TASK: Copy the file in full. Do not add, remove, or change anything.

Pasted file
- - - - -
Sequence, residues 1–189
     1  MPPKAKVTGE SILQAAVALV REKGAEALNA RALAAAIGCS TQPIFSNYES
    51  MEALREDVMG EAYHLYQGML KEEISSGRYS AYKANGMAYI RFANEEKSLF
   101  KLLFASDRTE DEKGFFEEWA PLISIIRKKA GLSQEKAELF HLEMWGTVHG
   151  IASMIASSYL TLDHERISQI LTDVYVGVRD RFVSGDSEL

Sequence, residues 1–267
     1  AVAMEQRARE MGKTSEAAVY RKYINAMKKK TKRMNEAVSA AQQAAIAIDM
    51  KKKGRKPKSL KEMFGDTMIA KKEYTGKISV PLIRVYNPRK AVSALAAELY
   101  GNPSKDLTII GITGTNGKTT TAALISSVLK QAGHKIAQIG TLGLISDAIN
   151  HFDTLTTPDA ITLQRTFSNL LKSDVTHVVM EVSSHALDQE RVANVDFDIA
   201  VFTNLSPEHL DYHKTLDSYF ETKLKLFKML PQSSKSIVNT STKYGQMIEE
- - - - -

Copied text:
Sequence, residues 1–189
     1  MPPKAKVTGE SILQAAVALV REKGAEALNA RALAAAIGCS TQPIFSNYES
    51  MEALREDVMG EAYHLYQGML KEEISSGRYS AYKANGMAYI RFANEEKSLF
   101  KLLFASDRTE DEKGFFEEWA PLISIIRKKA GLSQEKAELF HLEMWGTVHG
   151  IASMIASSYL TLDHERISQI LTDVYVGVRD RFVSGDSEL

Sequence, residues 1–267
     1  AVAMEQRARE MGKTSEAAVY RKYINAMKKK TKRMNEAVSA AQQAAIAIDM
    51  KKKGRKPKSL KEMFGDTMIA KKEYTGKISV PLIRVYNPRK AVSALAAELY
   101  GNPSKDLTII GITGTNGKTT TAALISSVLK QAGHKIAQIG TLGLISDAIN
   151  HFDTLTTPDA ITLQRTFSNL LKSDVTHVVM EVSSHALDQE RVANVDFDIA
   201  VFTNLSPEHL DYHKTLDSYF ETKLKLFKML PQSSKSIVNT STKYGQMIEE